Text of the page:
*) from the HBPTM and BIP in different numbers of trials per experimental condition are shown as functions of the number of simulated observers in log10 units in Figure 7. Each 95% HWCI was normalized by the average 95% HWCI of the posterior distribution of the HBPTM solution in the 72 simulated observers and 40 trials per experimental condition dataset. As expected, the average 95% HWCI from the BIP exhibited very little variability as a function of the number of simulated observers since each observer was modeled separately, but decreased with the number of trials per experimental condition across all the parameters. On the other hand, the average 95% HWCI from the HBPTM decreased with both the number of simulated observers and the number of trials per experimental condition across all the parameters. Across different numbers of trials per experimental condition, the average 95% HWCI approached its asymptotic level between about 10 to 40 simulated observers across the different PTM parameters, suggesting that the HBPTM could benefit from increasing the number of observers up to about 40. Interestingly, the spatial attention parameters,*

**m***for central cuing, and*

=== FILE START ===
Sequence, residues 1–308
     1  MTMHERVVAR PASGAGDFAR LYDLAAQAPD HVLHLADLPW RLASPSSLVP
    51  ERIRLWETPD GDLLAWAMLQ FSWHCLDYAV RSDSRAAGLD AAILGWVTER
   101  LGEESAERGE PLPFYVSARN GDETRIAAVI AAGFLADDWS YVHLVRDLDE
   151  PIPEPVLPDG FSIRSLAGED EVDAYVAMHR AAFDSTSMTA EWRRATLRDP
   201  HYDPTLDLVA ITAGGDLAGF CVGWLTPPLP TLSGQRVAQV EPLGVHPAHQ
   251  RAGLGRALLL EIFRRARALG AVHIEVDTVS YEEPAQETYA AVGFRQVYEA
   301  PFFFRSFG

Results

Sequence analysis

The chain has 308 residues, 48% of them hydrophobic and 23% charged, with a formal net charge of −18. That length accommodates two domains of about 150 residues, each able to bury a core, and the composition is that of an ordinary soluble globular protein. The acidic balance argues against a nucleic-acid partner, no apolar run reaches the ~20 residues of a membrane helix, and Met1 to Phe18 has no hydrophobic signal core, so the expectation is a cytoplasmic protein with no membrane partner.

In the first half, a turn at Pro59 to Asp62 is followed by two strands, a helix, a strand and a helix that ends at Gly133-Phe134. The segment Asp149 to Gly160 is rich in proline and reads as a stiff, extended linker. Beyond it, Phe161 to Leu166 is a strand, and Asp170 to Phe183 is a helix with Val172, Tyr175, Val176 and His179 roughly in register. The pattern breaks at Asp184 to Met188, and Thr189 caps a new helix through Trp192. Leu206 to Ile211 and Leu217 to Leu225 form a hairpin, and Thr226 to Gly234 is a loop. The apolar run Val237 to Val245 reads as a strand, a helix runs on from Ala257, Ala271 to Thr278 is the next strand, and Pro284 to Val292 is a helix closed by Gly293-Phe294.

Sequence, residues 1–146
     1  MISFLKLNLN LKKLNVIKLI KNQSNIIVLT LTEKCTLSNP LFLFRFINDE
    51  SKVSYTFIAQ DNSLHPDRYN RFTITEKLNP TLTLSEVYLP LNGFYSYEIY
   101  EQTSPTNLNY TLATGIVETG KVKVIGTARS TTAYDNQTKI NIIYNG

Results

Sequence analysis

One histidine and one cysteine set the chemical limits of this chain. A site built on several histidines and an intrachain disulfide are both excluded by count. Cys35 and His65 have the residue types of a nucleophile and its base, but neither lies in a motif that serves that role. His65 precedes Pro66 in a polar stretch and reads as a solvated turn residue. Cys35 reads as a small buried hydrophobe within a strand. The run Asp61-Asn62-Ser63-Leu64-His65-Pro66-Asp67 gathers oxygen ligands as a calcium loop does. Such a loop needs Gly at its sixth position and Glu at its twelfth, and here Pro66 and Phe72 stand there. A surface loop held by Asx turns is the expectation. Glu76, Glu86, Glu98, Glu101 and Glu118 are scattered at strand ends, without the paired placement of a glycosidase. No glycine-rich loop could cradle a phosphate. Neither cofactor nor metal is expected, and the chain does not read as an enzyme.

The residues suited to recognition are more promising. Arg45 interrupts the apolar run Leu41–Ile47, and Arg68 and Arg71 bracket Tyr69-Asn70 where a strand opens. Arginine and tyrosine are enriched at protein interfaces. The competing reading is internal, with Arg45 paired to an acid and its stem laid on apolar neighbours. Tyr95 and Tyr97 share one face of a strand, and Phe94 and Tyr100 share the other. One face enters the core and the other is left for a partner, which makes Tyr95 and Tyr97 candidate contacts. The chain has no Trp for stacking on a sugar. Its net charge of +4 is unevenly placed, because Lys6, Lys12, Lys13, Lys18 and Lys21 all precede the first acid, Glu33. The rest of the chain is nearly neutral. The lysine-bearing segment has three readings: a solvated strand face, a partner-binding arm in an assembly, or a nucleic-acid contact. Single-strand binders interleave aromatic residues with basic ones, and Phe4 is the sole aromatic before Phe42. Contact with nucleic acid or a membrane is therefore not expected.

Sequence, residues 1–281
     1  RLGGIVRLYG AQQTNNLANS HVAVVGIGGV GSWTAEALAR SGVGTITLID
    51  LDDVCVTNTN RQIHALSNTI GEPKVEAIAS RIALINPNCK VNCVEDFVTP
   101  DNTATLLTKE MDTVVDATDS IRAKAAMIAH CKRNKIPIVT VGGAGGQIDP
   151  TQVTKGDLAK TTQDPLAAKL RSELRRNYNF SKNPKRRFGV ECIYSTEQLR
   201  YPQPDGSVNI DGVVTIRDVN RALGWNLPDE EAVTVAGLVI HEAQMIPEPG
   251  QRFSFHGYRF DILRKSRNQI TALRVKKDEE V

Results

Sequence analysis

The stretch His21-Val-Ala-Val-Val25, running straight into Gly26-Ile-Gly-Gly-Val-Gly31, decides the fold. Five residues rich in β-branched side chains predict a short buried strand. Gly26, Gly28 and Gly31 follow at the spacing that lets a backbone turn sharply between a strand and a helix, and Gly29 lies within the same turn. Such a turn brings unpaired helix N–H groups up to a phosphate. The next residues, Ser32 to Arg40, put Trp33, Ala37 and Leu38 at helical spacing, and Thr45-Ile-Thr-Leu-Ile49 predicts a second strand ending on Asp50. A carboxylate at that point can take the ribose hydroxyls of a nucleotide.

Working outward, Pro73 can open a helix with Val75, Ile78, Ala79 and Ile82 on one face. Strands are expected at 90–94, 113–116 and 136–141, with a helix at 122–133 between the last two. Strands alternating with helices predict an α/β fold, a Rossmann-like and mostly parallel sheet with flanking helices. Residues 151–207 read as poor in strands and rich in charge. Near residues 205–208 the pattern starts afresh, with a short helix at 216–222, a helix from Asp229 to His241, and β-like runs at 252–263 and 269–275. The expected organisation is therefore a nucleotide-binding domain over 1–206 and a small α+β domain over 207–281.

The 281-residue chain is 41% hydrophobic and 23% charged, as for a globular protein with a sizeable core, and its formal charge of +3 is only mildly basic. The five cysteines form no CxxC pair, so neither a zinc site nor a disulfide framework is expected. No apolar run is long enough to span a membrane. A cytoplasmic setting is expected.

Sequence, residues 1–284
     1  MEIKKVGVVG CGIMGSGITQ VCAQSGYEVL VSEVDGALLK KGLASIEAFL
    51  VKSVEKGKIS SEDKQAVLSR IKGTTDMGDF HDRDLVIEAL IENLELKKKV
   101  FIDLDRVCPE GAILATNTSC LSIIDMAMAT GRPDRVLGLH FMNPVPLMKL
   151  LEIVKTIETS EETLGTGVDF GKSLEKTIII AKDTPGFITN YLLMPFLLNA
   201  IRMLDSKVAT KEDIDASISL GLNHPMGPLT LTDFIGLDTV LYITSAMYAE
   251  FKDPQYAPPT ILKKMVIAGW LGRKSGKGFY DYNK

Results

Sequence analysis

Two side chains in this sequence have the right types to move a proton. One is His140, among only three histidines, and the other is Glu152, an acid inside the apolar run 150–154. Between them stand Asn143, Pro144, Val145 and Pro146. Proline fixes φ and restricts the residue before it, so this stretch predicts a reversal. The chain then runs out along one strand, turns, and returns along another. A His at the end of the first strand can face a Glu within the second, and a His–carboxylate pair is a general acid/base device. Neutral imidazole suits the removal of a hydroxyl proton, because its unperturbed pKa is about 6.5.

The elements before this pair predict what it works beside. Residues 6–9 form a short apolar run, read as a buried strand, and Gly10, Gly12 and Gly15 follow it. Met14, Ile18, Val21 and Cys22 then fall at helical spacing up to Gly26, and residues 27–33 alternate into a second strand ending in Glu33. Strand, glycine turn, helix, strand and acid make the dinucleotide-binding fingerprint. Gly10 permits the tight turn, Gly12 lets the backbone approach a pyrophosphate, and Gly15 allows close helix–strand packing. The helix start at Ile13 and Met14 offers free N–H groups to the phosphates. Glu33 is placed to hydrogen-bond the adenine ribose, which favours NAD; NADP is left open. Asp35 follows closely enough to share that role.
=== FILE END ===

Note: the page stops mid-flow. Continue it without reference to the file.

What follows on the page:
**A**_{f}*and*

**A**_{f}*for peripheral cuing, reached their asymptotic levels with 20 observers.*

**A**_{a}**θ**

_{ij}(

*) from the HBPTM and BIP in different numbers of trials per experimental condition as functions of the number of simulated observers in log10 units. The early zig in the blue curves in Figures 8b, g was due to the variability of the 95% HWCI from the BIP. First, all the ratios were less than zero, indicating that the average 95% HWCI from the HBPTM was always less than that from the BIP across all the parameters and simulated sample sizes. Second, across all the parameters and number of simulated observers, the reduction of the 95% HWCI was 0.3453 log10 units (or 54.7%) when the number of trials per experimental condition per observer was 10, 0.2696 log10 units (or 46.3%) when the number of trials per experimental condition per observer was 20, and 0.2126 log10 units (or 38.7%) when the number of trials per experimental condition per observer was 40, indicating increased benefits of the HBPTM when the number of trials per experimental condition is smaller. Finally, across all the parameters and numbers of trials per experimental condition per observer, the benefit of HBPTM reached its asymptotic level when the number of observers was about 40.*

**m****θ**

_{ij}(

*) from the HBPTM and BIP were essentially the same, the 95% HWCI from the HBPTM was less than that from the BIP in the analyses of the experimental data. This pattern was also true in the simulation results, where the benefit of the HBPTM in reducing the HWCIs saturated when the number of observers was about 40.*

**m****σ**and

**δ**with covariances (Zhao, Lesmes, Dorr, & Lu, 2021; Zhao, Lesmes, Hou, & Lu, 2021).

**Conflicts of interest/competing interests:**Z.-L.L. holds intellectual property interests in visual function measurement and rehabilitation technologies, and equity interests in Adaptive Sensory Technology, Inc. (San Diego, CA, USA) and Jiangsu Juehua Medical Technology, Ltd (Jiangsu, China). B.A.D. declares no competing interests.

**Statement about availability of data and code**: The data and R-code are available by request.